- All I knew about “Broken Blossoms” before this viewing is the iconic moment where Lillian Gish pushes her lips up with two fingers to evoke a smile. I did not realize this was in the context of appeasing her abusive father. So much for Precious Images. While we’re on the subject, the two finger move can definitely be misconstrued today.
- Once Lucy escapes from Battling and stays with Cheng, things are still uncomfortable. Cheng basically lusts after her from a distance; never taking advantage of her, but definitely creeping me out over here. I know that this is all supposed to be a charming respite from her father, but this movie is so slow these scenes are mainly boring.
- It was around this point that I wondered if the movie’s source material was a short story. Turns out I was right. If your short story doesn’t lend itself to a full-length feature, why not pull a “Big Sleep” or “Short Cuts” and combine a few? Thomas Burke had plenty of material to draw from, much of it also set in the Limehouse district.
- My other gripe with this picture: No one calls Cheng Huan by name, resorting to certain epithets I’d rather not mention.
- I always find it amusing when a silent movie’s story hinders on someone hearing something, in this case Lucy breaking a teapot in the back room. I guess I’ll take your word for it, movie.
- Griffith’s movies can be quite problematic but I have to hand it to him, the man knew the power of the close-up.
- For me “Broken Blossoms” is best summed up by Griffith himself. According to Richard Schickel’s biography, Griffith had difficulty editing “Blossoms”, stating, “I can’t look at the damn thing; it depresses me so.” Well said.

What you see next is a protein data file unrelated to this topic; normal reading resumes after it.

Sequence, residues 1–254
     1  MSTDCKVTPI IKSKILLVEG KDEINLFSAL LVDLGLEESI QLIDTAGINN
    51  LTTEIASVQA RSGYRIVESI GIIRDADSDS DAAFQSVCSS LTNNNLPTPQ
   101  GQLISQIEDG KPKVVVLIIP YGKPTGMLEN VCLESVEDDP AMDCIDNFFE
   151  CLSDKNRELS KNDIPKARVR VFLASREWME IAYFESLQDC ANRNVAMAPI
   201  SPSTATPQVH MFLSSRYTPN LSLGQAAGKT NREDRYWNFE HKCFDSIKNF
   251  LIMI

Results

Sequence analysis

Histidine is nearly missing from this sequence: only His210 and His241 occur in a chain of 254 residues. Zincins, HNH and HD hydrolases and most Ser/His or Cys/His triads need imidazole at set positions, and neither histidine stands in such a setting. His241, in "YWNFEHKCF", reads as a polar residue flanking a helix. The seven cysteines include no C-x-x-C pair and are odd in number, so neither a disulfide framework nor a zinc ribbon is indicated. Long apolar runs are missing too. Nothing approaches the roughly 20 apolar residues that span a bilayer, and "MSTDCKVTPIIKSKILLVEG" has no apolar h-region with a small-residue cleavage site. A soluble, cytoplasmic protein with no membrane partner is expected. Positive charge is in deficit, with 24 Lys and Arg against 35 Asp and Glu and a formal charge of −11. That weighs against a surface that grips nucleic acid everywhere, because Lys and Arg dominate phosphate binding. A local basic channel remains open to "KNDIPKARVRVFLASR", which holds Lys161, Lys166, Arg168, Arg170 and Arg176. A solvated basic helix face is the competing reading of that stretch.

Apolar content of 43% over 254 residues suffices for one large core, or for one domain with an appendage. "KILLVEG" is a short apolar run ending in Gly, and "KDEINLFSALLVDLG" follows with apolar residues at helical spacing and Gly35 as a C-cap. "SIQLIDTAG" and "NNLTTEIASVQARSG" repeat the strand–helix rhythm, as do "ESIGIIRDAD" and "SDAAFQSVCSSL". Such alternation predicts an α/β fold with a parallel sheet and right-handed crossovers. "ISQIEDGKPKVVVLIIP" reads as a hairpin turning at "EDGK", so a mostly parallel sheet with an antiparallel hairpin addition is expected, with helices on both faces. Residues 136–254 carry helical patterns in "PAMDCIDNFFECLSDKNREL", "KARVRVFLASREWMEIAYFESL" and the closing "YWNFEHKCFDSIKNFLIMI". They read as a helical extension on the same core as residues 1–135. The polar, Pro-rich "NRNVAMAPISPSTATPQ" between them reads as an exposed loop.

- “Broken Blossoms” was originally produced by Famous Players-Lasky (now Paramount), but producer Adolph Zukor hated the final film. Griffith bought the film from Zukor for $250,000 and released it through his newly formed studio United Artists. “Broken Blossoms” was a hit, and made over $600,000 at the box office.
- “Broken Blossoms” was the first film released by United Artists (though the first one actually produced by them was Douglas Fairbanks’ “His Majesty, the American”). Over the years United Artists has risen and fallen, been bought and sold, merged and rebranded. The United Artists name still exists, though it is primarily a distribution company (they release the Bond movies), with its last co-production being 2015’s “Creed”.
- Although D.W. Griffith was a founding member of United Artists, and “Broken Blossoms” was a hit for the studio, his next few films faltered, and in 1924 Griffith left the studio after the failure of “Isn’t Life Wonderful”. I guess the answer was no. Griffith made a few early talkies, but following his departure from United Artists, his film career was essentially over.
- The Brits made their own film version of “Broken Blossoms” in 1936. Despite the technological advancements made in the previous 17 years, this version also stars a white man in yellowface.
- Films with nuanced, respectful depictions of Asians and Asian-Americans (played by actual Asians and Asian-Americans) have been around for decades, but this country is just now embracing them on a large scale with recent films like “Crazy Rich Asians”, “The Farewell”, and “Parasite”.